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Exercise Fights Depression as Well as Therapy, Study Finds

Millions of people struggle with depression, and lots of those take medicine or talk to a therapist for treatment.


But did you know physical exercise is just as effective, according to research?


“Exercise is an effective treatment for depression, with walking or jogging, yoga, and strength training more effective than other exercises, particularly when intense,” the authors write in The BMJ. “These forms of exercise could be considered alongside psychotherapy and antidepressants as core treatments for depression."


Exercise may be an effective complement or alternative to drugs and psychotherapy.”


Depression is a leading cause of disability around the world, the authors write. It lowers life satisfaction more than debt, divorce and diabetes, and worsens comorbidities such as heart disease, anxiety and cancer.


The researchers analyzed data from 218 studies on depression and exercise involving some 14,000 people.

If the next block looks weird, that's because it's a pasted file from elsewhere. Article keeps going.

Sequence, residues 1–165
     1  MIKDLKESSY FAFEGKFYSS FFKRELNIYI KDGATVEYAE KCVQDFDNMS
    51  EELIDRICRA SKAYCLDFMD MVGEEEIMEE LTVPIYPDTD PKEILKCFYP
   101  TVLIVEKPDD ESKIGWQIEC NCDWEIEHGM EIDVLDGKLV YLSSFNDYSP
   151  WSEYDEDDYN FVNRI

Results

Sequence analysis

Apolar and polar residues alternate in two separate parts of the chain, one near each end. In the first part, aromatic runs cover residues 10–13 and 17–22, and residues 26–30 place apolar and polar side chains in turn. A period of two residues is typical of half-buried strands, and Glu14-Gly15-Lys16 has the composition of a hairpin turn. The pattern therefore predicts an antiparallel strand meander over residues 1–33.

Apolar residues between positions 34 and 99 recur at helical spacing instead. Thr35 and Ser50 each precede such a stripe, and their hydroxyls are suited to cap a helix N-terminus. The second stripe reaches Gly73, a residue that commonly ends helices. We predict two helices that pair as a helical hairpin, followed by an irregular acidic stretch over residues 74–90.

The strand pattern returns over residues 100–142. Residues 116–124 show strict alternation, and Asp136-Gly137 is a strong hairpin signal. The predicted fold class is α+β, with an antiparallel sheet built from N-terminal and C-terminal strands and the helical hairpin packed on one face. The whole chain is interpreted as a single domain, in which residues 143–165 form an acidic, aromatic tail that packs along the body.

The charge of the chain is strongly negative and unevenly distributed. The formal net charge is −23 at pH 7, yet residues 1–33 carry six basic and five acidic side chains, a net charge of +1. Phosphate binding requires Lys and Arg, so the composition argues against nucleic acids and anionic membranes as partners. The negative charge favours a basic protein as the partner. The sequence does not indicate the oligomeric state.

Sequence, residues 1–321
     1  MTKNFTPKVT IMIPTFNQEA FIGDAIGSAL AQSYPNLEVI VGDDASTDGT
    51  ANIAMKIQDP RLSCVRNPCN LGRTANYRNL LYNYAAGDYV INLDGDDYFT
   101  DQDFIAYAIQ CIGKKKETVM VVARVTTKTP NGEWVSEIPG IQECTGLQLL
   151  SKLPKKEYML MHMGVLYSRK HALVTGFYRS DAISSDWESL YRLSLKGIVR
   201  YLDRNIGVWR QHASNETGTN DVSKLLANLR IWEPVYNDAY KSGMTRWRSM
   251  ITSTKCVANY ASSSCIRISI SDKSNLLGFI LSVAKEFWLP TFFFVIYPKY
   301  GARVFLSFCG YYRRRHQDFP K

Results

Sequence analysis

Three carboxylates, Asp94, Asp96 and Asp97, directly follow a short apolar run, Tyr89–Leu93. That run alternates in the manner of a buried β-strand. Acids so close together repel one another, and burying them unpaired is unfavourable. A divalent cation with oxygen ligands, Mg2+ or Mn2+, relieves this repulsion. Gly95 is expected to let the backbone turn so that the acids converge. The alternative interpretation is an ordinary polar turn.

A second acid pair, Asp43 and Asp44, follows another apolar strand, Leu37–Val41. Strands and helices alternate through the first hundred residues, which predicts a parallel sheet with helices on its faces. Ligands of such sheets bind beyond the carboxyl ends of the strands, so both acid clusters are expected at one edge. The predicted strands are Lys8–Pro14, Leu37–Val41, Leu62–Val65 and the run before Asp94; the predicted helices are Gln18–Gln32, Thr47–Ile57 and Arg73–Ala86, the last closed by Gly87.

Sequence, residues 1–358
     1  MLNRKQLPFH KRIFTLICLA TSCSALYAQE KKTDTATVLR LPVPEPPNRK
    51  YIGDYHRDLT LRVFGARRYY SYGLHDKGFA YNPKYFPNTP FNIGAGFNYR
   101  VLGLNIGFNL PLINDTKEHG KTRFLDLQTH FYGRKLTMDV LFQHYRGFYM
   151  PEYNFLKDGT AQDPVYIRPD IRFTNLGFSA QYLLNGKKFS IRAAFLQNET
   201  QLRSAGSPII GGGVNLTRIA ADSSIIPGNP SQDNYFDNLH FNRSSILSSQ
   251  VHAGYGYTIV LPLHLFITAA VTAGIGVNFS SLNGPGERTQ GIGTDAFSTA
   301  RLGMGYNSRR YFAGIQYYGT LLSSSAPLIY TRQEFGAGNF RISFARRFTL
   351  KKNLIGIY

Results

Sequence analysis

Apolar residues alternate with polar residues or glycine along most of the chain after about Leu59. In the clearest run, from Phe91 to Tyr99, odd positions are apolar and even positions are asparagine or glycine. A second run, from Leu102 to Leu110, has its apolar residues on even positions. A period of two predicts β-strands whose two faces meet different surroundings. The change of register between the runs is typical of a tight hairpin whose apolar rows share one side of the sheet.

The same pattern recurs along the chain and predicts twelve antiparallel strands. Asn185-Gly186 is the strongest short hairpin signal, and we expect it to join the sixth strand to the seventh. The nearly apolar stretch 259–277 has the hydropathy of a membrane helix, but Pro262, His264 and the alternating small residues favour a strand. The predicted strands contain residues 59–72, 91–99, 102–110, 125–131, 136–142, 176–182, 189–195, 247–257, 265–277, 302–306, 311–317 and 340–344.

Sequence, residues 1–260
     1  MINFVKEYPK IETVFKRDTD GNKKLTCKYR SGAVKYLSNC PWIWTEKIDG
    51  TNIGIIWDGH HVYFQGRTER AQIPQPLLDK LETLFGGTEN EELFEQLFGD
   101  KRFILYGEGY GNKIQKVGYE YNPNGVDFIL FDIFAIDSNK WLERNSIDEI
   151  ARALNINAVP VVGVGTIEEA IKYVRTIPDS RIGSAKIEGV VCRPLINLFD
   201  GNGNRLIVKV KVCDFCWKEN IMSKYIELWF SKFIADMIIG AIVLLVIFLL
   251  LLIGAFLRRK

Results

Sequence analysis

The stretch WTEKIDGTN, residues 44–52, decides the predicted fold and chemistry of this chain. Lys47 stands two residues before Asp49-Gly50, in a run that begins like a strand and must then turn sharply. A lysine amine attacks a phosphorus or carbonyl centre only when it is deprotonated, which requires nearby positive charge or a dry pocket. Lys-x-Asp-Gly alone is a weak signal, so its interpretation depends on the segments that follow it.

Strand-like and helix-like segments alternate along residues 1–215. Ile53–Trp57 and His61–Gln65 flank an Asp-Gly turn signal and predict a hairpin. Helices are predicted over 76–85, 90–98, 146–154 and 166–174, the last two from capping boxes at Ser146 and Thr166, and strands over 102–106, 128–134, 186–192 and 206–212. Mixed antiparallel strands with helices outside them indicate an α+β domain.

Previous studies have come to similar conclusions: Exercise is effective against depression. Experts say it should be considered in treatment, along with therapy and anti-depressants.


Don’t take your mental health for granted. If you’re having issues, talk to your doctor or counselor. Take this study as further proof of the powerful mind-body connection – and that physical exercise is always good for whatever ails you.


And remember to choose exercise that you enjoy. If it’s not fun, you’re less likely to stick with it and gain the most benefits. We are here to help.


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